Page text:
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Making the switch to electronic funds transfer: How dental providers can reap the benefits

Dec. 8, 2016
Why haven't more dental practices taken advantage of the profits that can be reaped by using electronic funds transfer (EFT)? Yes, it's a bit of work upfront, but the benefits are numerous.

Why haven't more dental practices taken advantage of the profits that can be reaped by using electronic funds transfer (EFT)? Yes, it's a bit of work upfront, but the benefits are numerous.

A new health-care electronic funds transfer (EFT) standard went into effect three years ago, and numerous health-care professionals are now reaping the benefits of time and money savings, but very few dental providers are take advantage of it.

For example, Performance Pediatrics, a small provider practice in Plymouth, Massachusetts, has been able to increase its EFTs from 65% of payments 18 months ago to 90% today, thanks to the new standard. Currently, just 9% of the practice’s payments come in the form of checks. Leveraging new technologies and back office automation that boost efficiencies and increases savings and maintains low overhead allows the small four-person office to remain profitable. Electronic payments not only ensure that Performance Pediatrics receives payments more quickly, but they also cut down on the amount of time spent reconciling accounts.

RELATED READING:Electronic claim attachments: Why are dental offices still lagging behind?

The 2014 CAQH Index reports that providers can save an average of $7.21 per payment by moving from paper checks and explanation of benefits to health-care EFT standard payments and electronic remittance advices (ERAs)/ Yet only 6.4% of claim payments to dental practices are made via the health-care EFT standard. In the past, the lack of an EFT standard placed a heavy burden on providers of all types. Providers interested in receiving EFT payments had to deal with a variety of enrollment procedures, and transactions were often delayed. There was also no standard for reassociation of data, making it difficult to match payments with claims.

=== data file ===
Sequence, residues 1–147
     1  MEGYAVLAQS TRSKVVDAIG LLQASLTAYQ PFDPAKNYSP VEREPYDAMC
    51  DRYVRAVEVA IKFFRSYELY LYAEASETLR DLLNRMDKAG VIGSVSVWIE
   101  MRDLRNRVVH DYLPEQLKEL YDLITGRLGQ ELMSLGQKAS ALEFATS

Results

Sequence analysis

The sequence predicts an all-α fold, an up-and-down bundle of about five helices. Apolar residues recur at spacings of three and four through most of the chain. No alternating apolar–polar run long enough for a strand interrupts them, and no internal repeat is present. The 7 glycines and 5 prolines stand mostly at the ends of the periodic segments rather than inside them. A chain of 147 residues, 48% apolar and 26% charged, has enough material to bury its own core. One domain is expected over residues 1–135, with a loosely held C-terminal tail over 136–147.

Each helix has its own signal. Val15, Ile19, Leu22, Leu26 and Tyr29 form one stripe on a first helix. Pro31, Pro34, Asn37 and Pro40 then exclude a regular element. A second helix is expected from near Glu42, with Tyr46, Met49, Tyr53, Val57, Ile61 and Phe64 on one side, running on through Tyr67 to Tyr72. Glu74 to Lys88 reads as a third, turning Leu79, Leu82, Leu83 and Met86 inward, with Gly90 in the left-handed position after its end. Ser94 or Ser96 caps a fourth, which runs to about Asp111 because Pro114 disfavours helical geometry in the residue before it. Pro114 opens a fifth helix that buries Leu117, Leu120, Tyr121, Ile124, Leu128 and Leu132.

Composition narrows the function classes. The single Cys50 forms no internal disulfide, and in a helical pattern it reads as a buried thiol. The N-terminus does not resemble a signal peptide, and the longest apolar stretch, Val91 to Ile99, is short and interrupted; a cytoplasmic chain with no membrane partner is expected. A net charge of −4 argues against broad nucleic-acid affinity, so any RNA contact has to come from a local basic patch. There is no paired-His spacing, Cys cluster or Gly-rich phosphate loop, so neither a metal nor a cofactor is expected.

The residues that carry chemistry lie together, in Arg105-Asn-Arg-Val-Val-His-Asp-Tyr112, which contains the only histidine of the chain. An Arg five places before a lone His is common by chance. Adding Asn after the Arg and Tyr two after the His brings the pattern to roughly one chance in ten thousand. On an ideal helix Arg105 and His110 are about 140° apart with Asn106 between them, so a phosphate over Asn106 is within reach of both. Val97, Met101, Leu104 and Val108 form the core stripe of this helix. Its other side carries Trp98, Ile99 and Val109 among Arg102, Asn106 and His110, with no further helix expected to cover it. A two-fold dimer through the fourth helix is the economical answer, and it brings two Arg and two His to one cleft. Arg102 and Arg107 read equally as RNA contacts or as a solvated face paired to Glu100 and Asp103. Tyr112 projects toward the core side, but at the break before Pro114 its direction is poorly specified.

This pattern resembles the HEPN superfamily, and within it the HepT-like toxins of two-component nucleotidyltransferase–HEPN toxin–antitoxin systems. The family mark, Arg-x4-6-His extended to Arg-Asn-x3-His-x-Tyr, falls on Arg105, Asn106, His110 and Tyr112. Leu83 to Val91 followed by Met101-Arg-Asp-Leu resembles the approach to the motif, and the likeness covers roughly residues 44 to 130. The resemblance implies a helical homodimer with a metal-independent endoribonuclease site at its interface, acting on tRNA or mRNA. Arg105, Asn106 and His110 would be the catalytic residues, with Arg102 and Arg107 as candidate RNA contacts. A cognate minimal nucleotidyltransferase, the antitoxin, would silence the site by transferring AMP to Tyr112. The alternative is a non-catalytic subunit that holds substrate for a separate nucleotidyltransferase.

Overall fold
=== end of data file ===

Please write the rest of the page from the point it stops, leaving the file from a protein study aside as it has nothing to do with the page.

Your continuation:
As part of the Patient Protection and Affordable Care Act, the new health-care EFT standard, NACHA’s ACH CCD+ Addenda, took effect in January 2014 to help remedy those problems. For health-care and dental professionals, the new standard offers a faster, easier, and less expensive way to handle payments. For example, each EFT payment includes a reassociation number, which makes matching outstanding claims with payments quick and easy for accounting offices. The health-care EFT standard is the only payment method with this feature.

Healthcare EFTs via ACH are also faster than paper checks and card payments. Healthcare EFTs are received as quickly as direct deposit, funds are deposited directly into your bank account, and the transferred funds are available up to seven days faster than with paper checks.

RELATED READING:Dental practices continue to undercharge for services: What you can do to change that

Additionally, health-care EFTs via ACH are more secure than checks, the dominant payment form targeted by fraudsters, and all transactions are compliant with HIPAA privacy standards. The most significant benefit, though, might be the cost savings afforded by using the health-care EFT standard instead of other payment types. The cost of an EFT via ACH payment is, on average, 34 cents. Other EFT payment types, such as wire transfers and credit cards, can cost an average of $10.73 or more per transaction, or more than $7 per check, according to the 2014 CAQH Index.

Overall, the cost reductions and improved efficiencies afforded by the health-care EFT standard could save dental practices, physician practices, and hospitals up to $4.5 billion over the next 10 years, according to preliminary estimates from the Department of Health and Human Services.

Like Performance Pediatrics, dental practices can easily begin realizing the benefits of the new health-care EFT standard. To get started, dental providers can simply contact their dental plans, choose the health-care EFT standard, and provide the dental plan organizations with their payment information. All dental plans must be able to deliver the EFT standard if requested by a provider. Dental plans are not allowed to delay or reject an EFT or ERA transaction, charge an excessive fee, or give providers incentives to use a payment method other than the health-care EFT standard.

Make the switch, and implement the health-care EFT standard into your practice. You too should be reaping the benefits of its savings potential.

For more information on the new health-care EFT standard and how it can help dental practices save time and resources, visit

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Priscilla Holland, AAP, is Senior Director of Healthcare Payments at NACHA – The Electronic Payments Association.